Many workers are returning to a hybrid environment in the post-pandemic world. That means they are working from their home office part of the week and in the office for the other part of the week. Without the right approach, this can cause havoc on your calendar, which for many people serves as a roadmap to their day.
To make the most of your time and gain control of your calendar, execute the following steps:
- Be consistent about your days in the office
- Block time for your most important goals
- Block time to connect with others outside of regular meetings
- Block time for yourself
- Color-code your calendar
- Utilize all-day events
Be Consistent about your days in the office. We become our daily habits. When we can be consistent about our days in the office, the people we work with know when to expect us. This will make it easier to schedule in person meetings. Creating this consistency will give you a sense of control and lower your stress levels. Especially during stressful times when the world around you seems to be crumbling, having a consistent daily practice will keep you centered.
Block time for your most important goals. Your goals become a reality when you schedule them on your calendar. If you don’t schedule your goals, you are leaving it up to chance when you will work on them. For example, let’s assume you have a goal to hire three new people. You could block an hour every day for that purpose. One day it may be to review resumes, another day may be to schedule interviews, then time for interviews and follow-ups Goals progress when you work on them consistently every day. The goal becomes your focus, and you get even more creative about achieving it.
Block time to connect with others outside of regular meetings. If meetings are the only way you are connecting with colleagues, clients, vendors, you may be missing a deeper relationship. I have a client who shared with me that the main benefit he is getting from being back in the office is informal chatter in the hallways or break room. You could leave it up to chance, and you have a better possibility of connecting when you know when you are going to do it.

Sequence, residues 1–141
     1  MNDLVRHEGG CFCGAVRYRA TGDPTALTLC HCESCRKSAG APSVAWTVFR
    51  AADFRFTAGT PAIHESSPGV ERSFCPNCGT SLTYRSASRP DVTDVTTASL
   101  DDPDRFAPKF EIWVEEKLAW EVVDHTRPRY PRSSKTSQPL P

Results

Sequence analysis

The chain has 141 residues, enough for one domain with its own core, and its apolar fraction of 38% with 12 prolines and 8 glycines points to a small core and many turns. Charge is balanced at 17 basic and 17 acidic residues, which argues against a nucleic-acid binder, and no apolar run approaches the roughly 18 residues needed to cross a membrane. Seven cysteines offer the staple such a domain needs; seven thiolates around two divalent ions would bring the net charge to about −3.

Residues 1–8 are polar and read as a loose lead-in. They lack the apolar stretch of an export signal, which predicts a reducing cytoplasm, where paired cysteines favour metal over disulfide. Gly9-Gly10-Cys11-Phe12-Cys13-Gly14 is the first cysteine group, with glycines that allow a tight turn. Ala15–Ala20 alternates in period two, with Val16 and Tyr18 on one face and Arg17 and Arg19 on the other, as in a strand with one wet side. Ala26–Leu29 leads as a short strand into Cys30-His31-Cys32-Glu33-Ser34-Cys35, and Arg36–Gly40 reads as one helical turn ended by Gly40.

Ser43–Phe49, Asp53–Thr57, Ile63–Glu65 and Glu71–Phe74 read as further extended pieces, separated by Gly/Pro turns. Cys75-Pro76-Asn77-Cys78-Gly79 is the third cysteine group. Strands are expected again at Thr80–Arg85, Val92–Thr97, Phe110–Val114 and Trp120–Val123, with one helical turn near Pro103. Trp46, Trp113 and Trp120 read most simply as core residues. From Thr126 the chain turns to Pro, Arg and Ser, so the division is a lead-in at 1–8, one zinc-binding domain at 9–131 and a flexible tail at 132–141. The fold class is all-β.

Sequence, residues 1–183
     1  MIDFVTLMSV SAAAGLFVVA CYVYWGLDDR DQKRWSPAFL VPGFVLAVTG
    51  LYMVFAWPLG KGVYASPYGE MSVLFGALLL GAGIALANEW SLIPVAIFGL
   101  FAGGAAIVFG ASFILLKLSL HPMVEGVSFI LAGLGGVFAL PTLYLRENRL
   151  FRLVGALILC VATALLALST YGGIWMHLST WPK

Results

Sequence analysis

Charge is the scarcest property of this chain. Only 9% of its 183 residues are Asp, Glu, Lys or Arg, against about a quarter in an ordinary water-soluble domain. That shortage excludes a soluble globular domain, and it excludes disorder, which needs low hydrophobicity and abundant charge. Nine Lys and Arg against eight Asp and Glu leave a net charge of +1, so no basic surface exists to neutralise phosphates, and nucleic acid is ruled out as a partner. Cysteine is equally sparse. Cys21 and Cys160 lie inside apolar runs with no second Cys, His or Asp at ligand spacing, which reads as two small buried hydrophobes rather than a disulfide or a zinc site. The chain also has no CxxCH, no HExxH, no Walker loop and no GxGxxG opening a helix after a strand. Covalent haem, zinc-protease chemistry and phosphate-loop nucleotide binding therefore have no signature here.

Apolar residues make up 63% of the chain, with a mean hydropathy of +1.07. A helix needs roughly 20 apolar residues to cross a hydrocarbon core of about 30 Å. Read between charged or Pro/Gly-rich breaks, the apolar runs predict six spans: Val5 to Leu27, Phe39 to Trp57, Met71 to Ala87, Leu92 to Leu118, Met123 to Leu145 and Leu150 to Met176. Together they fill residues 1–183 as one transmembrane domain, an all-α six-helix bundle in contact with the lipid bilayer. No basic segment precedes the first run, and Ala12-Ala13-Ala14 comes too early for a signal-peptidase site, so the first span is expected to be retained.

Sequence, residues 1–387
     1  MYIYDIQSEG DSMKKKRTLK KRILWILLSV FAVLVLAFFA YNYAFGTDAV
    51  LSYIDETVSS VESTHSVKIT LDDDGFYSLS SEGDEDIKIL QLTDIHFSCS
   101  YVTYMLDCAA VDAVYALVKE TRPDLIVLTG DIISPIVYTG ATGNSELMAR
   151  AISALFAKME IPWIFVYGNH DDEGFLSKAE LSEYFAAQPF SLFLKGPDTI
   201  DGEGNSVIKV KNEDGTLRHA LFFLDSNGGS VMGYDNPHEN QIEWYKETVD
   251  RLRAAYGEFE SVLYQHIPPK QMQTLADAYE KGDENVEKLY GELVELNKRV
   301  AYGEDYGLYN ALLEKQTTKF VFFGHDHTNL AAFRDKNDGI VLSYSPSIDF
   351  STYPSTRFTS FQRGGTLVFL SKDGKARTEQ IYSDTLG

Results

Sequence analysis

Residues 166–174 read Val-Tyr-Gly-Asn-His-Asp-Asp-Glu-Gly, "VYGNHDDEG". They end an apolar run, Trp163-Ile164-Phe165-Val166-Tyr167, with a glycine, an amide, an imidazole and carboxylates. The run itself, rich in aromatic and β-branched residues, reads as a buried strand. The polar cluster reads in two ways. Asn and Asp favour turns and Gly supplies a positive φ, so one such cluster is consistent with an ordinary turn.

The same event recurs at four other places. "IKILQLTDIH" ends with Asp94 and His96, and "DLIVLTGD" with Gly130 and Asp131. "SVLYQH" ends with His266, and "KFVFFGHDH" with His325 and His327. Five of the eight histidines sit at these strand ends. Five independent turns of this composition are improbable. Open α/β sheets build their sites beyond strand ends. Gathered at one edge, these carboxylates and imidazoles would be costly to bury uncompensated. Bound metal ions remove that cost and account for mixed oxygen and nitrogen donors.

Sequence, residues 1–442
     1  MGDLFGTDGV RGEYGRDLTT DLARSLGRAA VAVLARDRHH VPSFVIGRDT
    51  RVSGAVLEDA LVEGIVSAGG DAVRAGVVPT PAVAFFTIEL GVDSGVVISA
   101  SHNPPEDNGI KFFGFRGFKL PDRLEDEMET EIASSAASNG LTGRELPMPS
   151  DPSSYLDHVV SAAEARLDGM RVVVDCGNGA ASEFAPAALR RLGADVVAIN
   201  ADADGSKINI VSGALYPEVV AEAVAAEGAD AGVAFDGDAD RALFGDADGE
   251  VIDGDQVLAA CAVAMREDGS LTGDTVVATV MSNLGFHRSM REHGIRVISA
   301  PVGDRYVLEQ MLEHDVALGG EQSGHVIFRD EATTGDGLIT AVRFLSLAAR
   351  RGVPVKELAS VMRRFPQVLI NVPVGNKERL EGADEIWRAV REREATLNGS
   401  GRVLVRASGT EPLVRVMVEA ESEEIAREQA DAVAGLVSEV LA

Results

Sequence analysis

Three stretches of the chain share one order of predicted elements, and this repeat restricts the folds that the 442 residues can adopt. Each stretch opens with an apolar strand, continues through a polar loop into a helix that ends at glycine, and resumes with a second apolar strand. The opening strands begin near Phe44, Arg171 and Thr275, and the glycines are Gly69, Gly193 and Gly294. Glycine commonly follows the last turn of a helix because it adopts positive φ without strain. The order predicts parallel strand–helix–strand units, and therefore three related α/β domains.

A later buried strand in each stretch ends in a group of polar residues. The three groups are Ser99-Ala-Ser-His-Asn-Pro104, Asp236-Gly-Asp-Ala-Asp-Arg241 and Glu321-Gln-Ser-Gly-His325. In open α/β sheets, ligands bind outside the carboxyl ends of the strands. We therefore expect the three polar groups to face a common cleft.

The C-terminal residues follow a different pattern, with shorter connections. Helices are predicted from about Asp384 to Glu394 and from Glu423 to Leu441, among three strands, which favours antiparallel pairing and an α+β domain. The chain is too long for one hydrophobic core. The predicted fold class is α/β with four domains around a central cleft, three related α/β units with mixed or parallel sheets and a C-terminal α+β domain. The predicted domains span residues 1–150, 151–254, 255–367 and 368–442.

Block time for yourself. The most productive people have a consistent morning routine. Again, we become our daily habits. It may be time to evaluate your morning routine. You may consider things like drink water, meditate, exercise, ask yourself powerful questions. There is a great deal of research to support this. For example, at General Mills, employees who attended only one program on mindfulness meditation reported a significant increase in productivity: 83 percent of participants said they were taking time each day to optimize their personal productivity—up from 23 percent before the course, and 82 percent said they were now making time to eliminate tasks with limited productivity value—up from 32 percent before the course. (David Gelles, “The Mind Business,” Financial Times, August 24, 2012, ft.com/content/d9cb7940-ebea-11e1-985a-00144feab49a.).
Color-code your calendar. A neat trick I use on my calendar is to color by category. For example, you may want to color code by client, or by type of work. I have a color for writing time, client time, travel, for example. When you setup your calendar this way, it allows you to see where you are investing your time, and make appropriate adjustments.
Utilize all-day events. Most calendar tools (Outlook, Gmail, Apple) allow you to create an all-day event. Of course, they can be used for exactly that. If you have an all-day event, it will block your calendar appropriately. Most of the time, however, even your all-day events are timed (e.g. 9:00-5:00). You can also use this feature as a day-specific reminder. For example, Fred’s birthday, Sue’s anniversary. It will act as a reminder to acknowledge the special event. Or you could use it to remind you that a team member or significant other is out of town that day, that week. One more way to do it is to track an important deadline. In fact, “deadline” triggers Outlook to color that event as red. This way, it will stand out and allow you to see in advance the forthcoming deadline. Make sure, when you do use all-day events, that you show as “free” so that colleagues don’t presume you have something else scheduled.
When you apply these six steps, you will gain control of your calendar. This is more important now in a hybrid work environment where routines can be more challenging to maintain.